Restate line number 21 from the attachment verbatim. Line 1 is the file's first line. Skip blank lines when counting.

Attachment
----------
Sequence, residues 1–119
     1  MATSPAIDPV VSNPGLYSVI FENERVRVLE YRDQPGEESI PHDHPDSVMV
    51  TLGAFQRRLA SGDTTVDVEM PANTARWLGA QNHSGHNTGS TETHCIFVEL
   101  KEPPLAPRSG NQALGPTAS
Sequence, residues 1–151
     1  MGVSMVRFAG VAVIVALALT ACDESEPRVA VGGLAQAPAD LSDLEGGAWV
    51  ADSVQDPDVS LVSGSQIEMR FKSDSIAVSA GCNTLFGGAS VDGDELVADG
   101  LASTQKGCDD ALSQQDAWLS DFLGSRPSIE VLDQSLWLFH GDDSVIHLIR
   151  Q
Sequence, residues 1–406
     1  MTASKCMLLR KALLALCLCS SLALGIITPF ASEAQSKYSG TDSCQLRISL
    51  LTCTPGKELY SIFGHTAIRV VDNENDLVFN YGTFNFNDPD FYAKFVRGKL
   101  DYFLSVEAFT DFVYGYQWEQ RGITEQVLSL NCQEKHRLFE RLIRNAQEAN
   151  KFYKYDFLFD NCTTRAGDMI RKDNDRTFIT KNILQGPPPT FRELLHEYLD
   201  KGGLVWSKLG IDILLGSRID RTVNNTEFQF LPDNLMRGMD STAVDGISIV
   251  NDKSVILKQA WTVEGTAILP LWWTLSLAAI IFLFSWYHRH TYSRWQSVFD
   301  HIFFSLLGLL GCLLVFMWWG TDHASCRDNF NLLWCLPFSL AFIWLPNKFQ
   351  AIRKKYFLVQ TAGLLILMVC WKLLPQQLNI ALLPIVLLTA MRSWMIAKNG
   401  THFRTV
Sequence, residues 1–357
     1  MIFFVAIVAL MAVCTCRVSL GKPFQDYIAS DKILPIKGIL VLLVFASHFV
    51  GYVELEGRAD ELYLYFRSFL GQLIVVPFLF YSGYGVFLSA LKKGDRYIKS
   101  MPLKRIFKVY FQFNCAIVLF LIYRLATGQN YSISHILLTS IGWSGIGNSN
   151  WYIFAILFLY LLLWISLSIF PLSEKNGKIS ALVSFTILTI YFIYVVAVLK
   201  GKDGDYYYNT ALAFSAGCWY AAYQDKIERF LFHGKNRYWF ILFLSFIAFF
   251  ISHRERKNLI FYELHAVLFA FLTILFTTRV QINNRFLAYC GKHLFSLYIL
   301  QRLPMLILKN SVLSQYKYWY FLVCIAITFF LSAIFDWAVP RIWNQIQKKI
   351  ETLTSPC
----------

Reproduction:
     1  MIFFVAIVAL MAVCTCRVSL GKPFQDYIAS DKILPIKGIL VLLVFASHFV